This incident speaks to the significance of bodycam footage and officer accountability. “I feel like over the past several years, all of the police accountability we’ve had has resulted from police bodycam footage,” commented Spatz, the Northeastern student who covered this incident in the university’s student newspaper, The Huntington News.

Spatz said the Office of Police Accountability (OPA) is investigating Officer Auderer, who has had 18 other incidents and complaints against him that have also been investigated, four of which were sustained. As for Officer Dave, the OPA was supposed to release their findings and any disciplinary actions in August, but nothing ever came out of it, according to Spatz. The investigation is still ongoing and charges have not been filed.

“I think police in general in this country are really heavily protected,” said Saigal. “I wouldn’t really know what to expect, but I wouldn’t be surprised if the decision is not in our favor.”

“What are officers saying when they think they’re not being recorded and when they’re actually not being recorded?” Spatz asked. “I think that any time that an officer is on duty, they should have their bodycams on, or some kind of audio recording device because, I mean, this is just unacceptable.”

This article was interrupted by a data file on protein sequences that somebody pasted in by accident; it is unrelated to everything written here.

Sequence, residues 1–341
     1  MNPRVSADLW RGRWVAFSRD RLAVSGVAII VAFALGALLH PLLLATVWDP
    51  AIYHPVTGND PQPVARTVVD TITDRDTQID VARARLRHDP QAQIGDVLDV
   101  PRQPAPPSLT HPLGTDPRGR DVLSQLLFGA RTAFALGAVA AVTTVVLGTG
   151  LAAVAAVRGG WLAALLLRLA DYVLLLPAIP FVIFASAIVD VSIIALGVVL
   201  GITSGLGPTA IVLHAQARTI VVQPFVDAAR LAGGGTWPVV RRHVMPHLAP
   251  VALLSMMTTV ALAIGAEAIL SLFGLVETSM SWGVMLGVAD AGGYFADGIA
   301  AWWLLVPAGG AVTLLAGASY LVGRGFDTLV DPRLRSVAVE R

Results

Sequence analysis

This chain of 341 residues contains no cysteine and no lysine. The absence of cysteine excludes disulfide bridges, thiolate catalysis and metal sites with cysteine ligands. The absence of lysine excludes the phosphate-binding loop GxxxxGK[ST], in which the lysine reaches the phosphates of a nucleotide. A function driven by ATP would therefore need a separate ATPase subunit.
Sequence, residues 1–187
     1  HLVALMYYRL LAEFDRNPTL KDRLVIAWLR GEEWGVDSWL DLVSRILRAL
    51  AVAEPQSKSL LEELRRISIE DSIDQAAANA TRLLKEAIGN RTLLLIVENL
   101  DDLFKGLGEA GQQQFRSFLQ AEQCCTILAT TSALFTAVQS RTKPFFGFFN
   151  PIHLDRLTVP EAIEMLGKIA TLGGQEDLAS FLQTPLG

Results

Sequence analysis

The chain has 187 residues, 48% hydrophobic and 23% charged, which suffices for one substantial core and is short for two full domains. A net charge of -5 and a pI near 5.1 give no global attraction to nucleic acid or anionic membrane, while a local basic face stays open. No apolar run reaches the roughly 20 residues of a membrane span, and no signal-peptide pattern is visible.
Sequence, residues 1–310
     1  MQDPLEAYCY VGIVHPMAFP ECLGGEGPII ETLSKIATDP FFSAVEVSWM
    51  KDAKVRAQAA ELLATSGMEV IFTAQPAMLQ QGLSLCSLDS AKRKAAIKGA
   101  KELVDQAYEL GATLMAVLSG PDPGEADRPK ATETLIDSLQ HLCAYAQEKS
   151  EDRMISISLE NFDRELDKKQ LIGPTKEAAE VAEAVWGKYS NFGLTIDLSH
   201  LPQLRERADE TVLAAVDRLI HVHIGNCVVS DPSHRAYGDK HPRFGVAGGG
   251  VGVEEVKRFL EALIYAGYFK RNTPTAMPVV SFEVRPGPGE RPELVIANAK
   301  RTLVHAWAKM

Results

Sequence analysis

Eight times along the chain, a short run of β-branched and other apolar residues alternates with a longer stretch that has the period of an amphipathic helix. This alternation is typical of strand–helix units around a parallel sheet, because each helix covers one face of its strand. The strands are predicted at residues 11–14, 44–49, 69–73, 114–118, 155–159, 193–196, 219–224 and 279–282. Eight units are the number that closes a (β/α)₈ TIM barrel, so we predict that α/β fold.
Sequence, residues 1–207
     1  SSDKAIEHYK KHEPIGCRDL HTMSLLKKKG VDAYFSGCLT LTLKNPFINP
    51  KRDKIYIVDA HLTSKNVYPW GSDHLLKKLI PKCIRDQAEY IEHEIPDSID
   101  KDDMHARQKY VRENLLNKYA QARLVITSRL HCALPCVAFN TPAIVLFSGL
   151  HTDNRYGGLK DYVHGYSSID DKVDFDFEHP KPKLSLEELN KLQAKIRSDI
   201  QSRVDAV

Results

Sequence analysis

Northeastern University will hold a vigil in the coming days to remember Kandula’s life. The university will award Kandula’s degree posthumously and present it to her family.

“The degree would be nice. It’s a nice, symbolic gesture, but it doesn’t really guarantee any tangible, substantive support to her parents, to her family,” said Saigal. “This is just something that you can’t really make up for in just a symbolic gesture.”